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REP. STARK REVISITS MEDICARE OUTPATIENT DRUG COVERAGE WITH BILL INTRODUCED ON MAY 30; Rx DRUGS WOULD BE COVERED AS STANDARD MEDICARE PART B BENEFIT

Executive Summary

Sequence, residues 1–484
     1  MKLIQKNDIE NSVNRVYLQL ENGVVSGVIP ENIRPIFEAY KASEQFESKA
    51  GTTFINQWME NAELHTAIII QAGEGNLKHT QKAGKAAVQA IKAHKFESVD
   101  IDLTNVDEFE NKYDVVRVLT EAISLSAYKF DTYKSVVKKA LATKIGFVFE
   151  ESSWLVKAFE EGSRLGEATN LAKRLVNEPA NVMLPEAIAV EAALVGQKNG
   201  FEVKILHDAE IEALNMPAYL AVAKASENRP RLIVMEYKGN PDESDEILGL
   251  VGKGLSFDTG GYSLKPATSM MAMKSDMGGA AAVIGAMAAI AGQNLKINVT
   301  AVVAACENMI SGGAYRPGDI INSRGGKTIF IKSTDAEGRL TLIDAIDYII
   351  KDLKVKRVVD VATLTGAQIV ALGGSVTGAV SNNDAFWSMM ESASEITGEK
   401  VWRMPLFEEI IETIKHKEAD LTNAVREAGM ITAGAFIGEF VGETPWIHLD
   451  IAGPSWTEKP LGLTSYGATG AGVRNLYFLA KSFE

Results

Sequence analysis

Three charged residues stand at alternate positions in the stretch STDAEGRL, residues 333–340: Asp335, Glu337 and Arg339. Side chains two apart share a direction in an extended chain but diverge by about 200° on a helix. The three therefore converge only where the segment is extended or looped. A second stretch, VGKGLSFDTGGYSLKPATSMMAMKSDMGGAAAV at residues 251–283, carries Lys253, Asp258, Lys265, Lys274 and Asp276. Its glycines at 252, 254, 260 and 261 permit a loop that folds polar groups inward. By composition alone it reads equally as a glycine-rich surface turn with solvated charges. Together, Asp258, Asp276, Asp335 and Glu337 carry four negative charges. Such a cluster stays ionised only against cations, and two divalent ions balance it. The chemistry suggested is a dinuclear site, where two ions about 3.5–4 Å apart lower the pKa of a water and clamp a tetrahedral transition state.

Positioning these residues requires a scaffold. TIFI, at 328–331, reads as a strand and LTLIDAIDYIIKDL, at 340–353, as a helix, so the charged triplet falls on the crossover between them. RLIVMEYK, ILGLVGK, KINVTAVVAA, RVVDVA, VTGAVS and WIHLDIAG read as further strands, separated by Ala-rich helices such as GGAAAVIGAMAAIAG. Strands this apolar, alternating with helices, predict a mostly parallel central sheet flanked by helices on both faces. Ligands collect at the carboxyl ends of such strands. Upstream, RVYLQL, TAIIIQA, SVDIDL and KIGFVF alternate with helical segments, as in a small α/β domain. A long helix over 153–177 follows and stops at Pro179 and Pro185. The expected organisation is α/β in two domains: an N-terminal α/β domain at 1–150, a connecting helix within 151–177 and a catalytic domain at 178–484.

Medicare coverage of outpatient prescription drugs would be provided as a standard Part B benefit beginning Jan. 1, 1993 under a bill introduced by Rep. Stark (D-Calif.) on May 30. The strategy of including drug coverage under Medicare Part B, which now primarily covers physician services, avoids one of the objections to the catastrophic care/outpatient drug coverage law that was enacted in 1988 and repealed in 1989. In that aborted program, the drug benefits were financed solely through added beneficiary premiums and income tax surcharges. One-quarter of Part B program costs are paid from beneficiary premiums while the remainder comes from general Treasury revenues. Stark estimates that the addition of the drug benefit would raise the Part B premium by $ 6 a month in the first year. Stark's latest approach, however, does not solve the financing question. Under the pay-as-you-go budget deal reached by Congress and the White House last year, Stark must find a way to offset the costs to the general Treasury. The Ways & Means/Health Subcommittee chairman acknowledged the issue in a May 30 floor statement. "The bill has been drafted without the financing necessary to cover its costs," he noted. "I fully anticipate that these benefits, if adopted by the Committee on Ways & Means, will be fully financed on the required pay-as- you-go basis." Stark's Health Subcommittee will hold a June 11 hearing on the legislation. Because it addresses Medicare Part B, the bill falls under the jurisdiction of both the Ways & Means and Energy & Commerce Committees in the House. Aside from the financing mechanism, the drug benefit's structure as proposed in HR 2500 is very similar to the repealed drug coverage law. Stark had opposed repeal of the earlier program and had joined Reps. Waxman (D-Calif.) and Gradison (R-Ohio) in an eleventh hour proposal to save drug coverage by jettisoning the broader catastrophic coverage provisions. Under HR 2500, the drug deductible would be $ 650 in 1993 and would increase by $ 50 each year. According to Stark, about one- third of the eldery will pay more than $ 650 for prescriptions this year. Patients would be required to make a 20% copayment. Coverage would include all FDA-approved drugs, insulin, pre-1962 drugs, and DESI drugs for which HHS has not yet issued a notice of opportunity for a hearing -- but would exclude home I.V drugs. Coverage of home I.V. therapy is under study by the congressional Office of Technology Assessment, with a report expected shortly. Payment levels for single-source drugs and for "multiple- source drugs with restrictive prescriptions" would be the lesser of the 90th percentile of actual charges within a geographic area or average wholesale price plus a dispensing fee. Other multiple source drugs will be reimbursed at the median AWP plus the dispensing fee. Stark's measure would set dispensing fees at $ 3 per prescription for nonparticipating pharmacies and $ 5 for participating pharmacies, the latter defined as those who participate in an electronic point-of-sale claims processing system, accept Medicare rates as full payment, and provide information to patients including advice on the "availability of therapeutically equivalent covered outpatient drugs." Stark's legislation would bar a restrictive formulary but would require a program to assure "appropriate" prescribing and dispensing practices, including establishment of prescribing standards. The program "shall identify" and "educate physicians and pharmacists" about instances and patterns of "unnecessary or inappropriate" prescribing or dispensing, "substandard care," or potential adverse reactions, the bill directs. As part of this program, HHS "shall establish for each covered outpatient drug standards for the prescribing of the drug which are based on accepted medical standards." The standards generally would reflect the reference compendia. In his floor statement, Stark asserted that the "absence of an outpatient prescription drug benefit has created a black hole in the Medicare program. Prescription drugs are as vital to the health of seniors as physician visits, lab tests, and other services readily covered under the program. This void makes no sense -- particularly at a time when seniors rely increasingly on costly and life-sustaining medications."
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